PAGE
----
Is it a sin to be rich? I tell you that it is one thing to end up being rich through fruitful endeavors, but it is another thing to strive to be rich for the sake of richness. In a sense, 1 Timothy 6:6…8-10 would consider being rich through fruitful endeavors as having enough as opposed to being rich, although some may regard you as being rich depending on how much you have. That passage says, says, “godliness with contentment is great gain... But if we have food and clothing, with these we will be content. But those who desire to be rich fall into temptation, into a snare, into many senseless and harmful desires that plunge people into ruin and destruction. For the love of money is a root of all kinds of evils. IT IS THROUGH THIS CRAVING THAT SOME HAVE WANDERED AWAY FROM THE FAITH AND PIERCED THEMSELVES WITH MANY PANGS.”

Under God, being rich through righteousness is relative…while a person may be content in having enough “food and clothing,” figuratively speaking, the person may not see themselves in those terms…But others, in comparing themselves with that person, may see that person as being rich. This person who, while being regarded as rich, has been fruitful. On the other hand, if a person strives to be rich, rather than to have what they would believe to be enough, his motives under God may be called into question. His neighbors may regard him as being greedy.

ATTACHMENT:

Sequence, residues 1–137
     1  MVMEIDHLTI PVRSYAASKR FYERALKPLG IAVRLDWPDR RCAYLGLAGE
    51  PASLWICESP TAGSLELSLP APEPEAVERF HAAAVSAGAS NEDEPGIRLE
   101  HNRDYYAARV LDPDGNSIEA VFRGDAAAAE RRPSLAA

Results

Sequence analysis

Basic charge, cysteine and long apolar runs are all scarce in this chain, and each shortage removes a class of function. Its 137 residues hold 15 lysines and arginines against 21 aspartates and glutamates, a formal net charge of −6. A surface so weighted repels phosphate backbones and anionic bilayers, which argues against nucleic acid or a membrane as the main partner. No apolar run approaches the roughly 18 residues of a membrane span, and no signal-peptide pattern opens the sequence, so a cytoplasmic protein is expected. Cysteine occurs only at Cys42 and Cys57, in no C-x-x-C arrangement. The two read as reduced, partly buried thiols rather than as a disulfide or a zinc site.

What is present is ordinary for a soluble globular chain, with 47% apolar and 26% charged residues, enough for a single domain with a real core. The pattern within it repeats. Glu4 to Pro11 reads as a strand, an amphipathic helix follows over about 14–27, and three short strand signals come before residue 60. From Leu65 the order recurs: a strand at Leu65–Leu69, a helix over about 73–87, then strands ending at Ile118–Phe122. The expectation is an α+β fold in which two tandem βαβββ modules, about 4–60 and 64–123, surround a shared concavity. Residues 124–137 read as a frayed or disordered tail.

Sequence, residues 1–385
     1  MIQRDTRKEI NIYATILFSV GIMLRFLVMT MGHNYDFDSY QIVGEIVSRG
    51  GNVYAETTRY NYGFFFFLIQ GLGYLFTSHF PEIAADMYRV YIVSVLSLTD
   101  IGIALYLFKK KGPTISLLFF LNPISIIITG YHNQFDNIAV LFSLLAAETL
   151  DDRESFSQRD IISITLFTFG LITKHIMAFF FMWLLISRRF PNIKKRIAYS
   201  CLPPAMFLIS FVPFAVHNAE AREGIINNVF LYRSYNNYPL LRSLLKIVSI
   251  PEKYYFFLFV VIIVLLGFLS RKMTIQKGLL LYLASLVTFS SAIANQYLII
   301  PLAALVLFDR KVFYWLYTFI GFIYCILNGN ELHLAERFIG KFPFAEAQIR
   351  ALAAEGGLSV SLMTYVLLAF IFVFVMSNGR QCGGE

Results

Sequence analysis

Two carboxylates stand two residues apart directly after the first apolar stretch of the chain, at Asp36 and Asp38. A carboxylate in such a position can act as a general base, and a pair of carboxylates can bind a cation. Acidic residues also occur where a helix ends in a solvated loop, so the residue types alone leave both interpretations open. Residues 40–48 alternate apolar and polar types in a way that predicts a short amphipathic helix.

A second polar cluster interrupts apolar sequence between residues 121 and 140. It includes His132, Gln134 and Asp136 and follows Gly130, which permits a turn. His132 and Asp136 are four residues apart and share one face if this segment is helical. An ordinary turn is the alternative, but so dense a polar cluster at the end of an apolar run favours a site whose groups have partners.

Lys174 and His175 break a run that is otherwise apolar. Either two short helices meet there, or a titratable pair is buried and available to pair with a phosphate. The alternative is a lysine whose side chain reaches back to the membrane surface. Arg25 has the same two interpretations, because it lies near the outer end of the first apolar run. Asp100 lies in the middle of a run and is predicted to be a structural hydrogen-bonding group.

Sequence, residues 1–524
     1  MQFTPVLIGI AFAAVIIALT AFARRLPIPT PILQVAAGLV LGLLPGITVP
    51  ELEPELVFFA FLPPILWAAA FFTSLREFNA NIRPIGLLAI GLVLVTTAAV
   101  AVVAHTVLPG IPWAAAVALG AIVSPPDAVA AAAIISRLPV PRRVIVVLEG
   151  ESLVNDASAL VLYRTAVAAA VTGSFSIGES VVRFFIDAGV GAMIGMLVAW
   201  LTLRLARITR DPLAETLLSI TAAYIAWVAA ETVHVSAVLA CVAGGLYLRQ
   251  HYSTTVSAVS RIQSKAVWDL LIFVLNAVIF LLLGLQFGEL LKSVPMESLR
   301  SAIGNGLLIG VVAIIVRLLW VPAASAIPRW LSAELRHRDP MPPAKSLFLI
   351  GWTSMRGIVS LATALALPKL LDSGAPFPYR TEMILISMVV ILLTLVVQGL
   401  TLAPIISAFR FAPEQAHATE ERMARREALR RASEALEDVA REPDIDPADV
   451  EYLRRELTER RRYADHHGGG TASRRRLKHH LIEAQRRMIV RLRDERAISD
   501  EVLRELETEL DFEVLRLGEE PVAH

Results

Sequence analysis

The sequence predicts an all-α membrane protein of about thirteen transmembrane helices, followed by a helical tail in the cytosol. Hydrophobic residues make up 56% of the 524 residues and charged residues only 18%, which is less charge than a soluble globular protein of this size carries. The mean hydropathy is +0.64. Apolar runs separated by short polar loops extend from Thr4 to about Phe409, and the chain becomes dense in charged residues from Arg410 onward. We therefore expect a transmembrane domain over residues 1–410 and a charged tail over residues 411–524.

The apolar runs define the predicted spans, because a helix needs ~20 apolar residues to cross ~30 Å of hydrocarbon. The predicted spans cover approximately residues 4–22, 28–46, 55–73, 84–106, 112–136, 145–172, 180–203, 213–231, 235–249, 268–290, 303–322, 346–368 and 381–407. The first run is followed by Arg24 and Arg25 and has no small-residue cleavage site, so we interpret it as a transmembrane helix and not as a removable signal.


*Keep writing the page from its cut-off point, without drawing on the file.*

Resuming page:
A fruitful person has acquired their gain in the love of God and their neighbors. A greedy person has acquired gain solely for the sake of gain and also at the expense of others, and in so doing, causes strife among those who love God and eachother. Proverbs 28:25 says, “A greedy man stirs up strife, but the one who trusts in the LORD will be enriched.”

A person who is diligent in their work rightfully deserves the value that work yields, whether it’s five thousand dollars, fifty-thousand dollars or five hundred thousand and above. This person is an Abel. A person who takes the value of someone else’s work or takes someone else’s belongings while giving up no value for what they have taken, is greedy and therefore is a Cain.
 

Dino246